I have often been troubled by proclaiming that I believe in “one holy Catholic and apostolic Church” which is far from holy here and now. One holy Church? Where? Holy? How? Yes, there are some saints I know who are alive and breathing, but the Church as a whole is far from holy. I myself am far from holy.
Even more disturbing, when St. Paul asks, “How can we who died to sin still live in it?” (Rom 6:2) he’s asking a great question, because by our baptisms, we Christians are all dead to sin, and yet we all continue to live in it.
This has long bothered me, this view of what should be contrasted with the realization of what is.
But yesterday I read one of Bl. John Henry Newman’s Parochial and Plain Sermons that addressed this.
Although he did not use this quotation from St. Paul, it is a quotation that illustrates the point Newman makes.
Purge out therefore the old leaven, that ye may be a new lump, as ye are unleavened. (1 Cor. 5:7)
In other words, you are unleavened bread (not infected with the leaven of insincerity and duplicity, but direct and uninfected, straightforward and uncorrupted), and therefore remove the leaven that is in you. You are pure, therefore become pure.
But … if we are unleavened, why do we need to become unleavened? If we are unleavened, why are we puffed up with all this risen dough? If the Church is holy, why is it filled with sinners? If “it is no longer I who lives but Christ who lives in me”, then why am I still the same old selfish idiot I was before my baptism or my conversion?
Newman responds thus …
- First, Our Lord tells us that “This gospel of the kingdom shall be preached in all the world for a witness unto all nations; and then shall the end come.” (Mat. 24:14) The Gospel is preached, in one sense, as a witness against the nations, who will, in many ways, reject it. Thus, the lack of faith and fidelity to Christ that we see around us ’twas ever thus. Sanctification is not a social program but a mystery, and many, even many in the Church, don’t have time for this mystery.
- But second, and more importantly, Scripture describes what God does from His point of view, from the point of view of the perfected end. From the Divine perspective, God “hardens Pharaoh’s heart”, but from the human perspective, Pharaoh digs in his heels of his own free will until he reaps the fruit of his stubbornness – a heart of stone. “Scripture more commonly speaks of the Divine design and substantial work, than of the measure of fulfillment which it receives at this time or that,” Newman writes. God sees outside of time, His works whole and complete. We see from within a process, fumbling about in our slow participation in God’s grace. St. Paul, writing from the Divine perspective, tells his churches that they have “been quickened in Christ” (Eph. 2:5), Christ presenting Himself a “glorious Church, not having spot or wrinkle or any such thing” (Eph. 5:27) – saying these sorts of things all the while he is upbraiding his churches for their sins and venality (“O foolish Galatians! Who has bewitched you? … After starting in the Spirit, are you now finishing in the flesh?” – Gal. 3:1-3), and at times even saying both things at once, “Your are pure, so make yourself pure” (“get rid of the leaven, since you are already unleavened”). And therefore, the “elect” and “predestined” are simply those who cooperate with God’s grace, viewed by Him and described by Scripture from the eternal, and not the temporal, point of view: seen as perfect, and not in process. They are described as “predestined” from the view of their final end; while they themselves, in time, are stumbling and rising again along their imperfect way.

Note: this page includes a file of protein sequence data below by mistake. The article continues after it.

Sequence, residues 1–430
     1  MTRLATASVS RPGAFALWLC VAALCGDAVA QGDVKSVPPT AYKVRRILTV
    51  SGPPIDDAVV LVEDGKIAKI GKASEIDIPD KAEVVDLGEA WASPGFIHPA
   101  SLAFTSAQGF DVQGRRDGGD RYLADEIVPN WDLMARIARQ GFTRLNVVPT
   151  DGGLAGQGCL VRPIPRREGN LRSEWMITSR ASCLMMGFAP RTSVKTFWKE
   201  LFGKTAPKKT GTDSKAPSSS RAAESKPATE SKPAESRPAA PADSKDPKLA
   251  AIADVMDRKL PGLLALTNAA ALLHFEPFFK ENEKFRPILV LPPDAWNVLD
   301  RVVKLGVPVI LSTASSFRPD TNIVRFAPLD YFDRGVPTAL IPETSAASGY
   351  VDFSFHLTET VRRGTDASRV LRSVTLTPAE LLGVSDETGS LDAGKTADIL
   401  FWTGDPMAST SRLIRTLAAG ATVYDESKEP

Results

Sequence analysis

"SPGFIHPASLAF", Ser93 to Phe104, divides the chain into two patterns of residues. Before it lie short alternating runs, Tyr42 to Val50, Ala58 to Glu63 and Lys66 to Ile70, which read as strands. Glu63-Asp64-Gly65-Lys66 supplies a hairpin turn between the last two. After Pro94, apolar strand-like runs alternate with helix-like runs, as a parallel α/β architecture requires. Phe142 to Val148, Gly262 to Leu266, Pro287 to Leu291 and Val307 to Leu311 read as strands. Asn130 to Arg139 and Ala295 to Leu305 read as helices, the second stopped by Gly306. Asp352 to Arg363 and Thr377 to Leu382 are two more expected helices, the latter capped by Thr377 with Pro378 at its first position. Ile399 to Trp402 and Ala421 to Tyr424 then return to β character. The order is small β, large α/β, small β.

- Some of us satiric types, especially those poets among us, are pained by how short we fall from the elusive Kingdom that sometimes shows itself among us. It is this vision of the Kingdom and of the true Church that tantalizes us. We are granted rare visions of the Kingdom – of the Church as she will be, the spotless bride joined with the Bridegroom at the end of time, a vision of the Church as she actually is, in one sense, as she is in a reality that we strive to participate in. We often don’t know what to make of such visions: to rejoice in them or to despair at how far off they seem. But Newman says we are given these as “pledges” – “a pledge of God’s purpose, a witness of man’s depravity”. In other words, when we see what could be, what should be, and in a way, what already is, albeit outside of time and outside of this world, we are given both a foretaste of heaven and a testimony to man’s depravity and of our own sinful nature, seeing both the light and the dark, the darkness (in a sense) made visible by the light. For we are to look, we sinners, not merely at the glorious face of God, but at the contemptuous face of man who continues to turn from Him.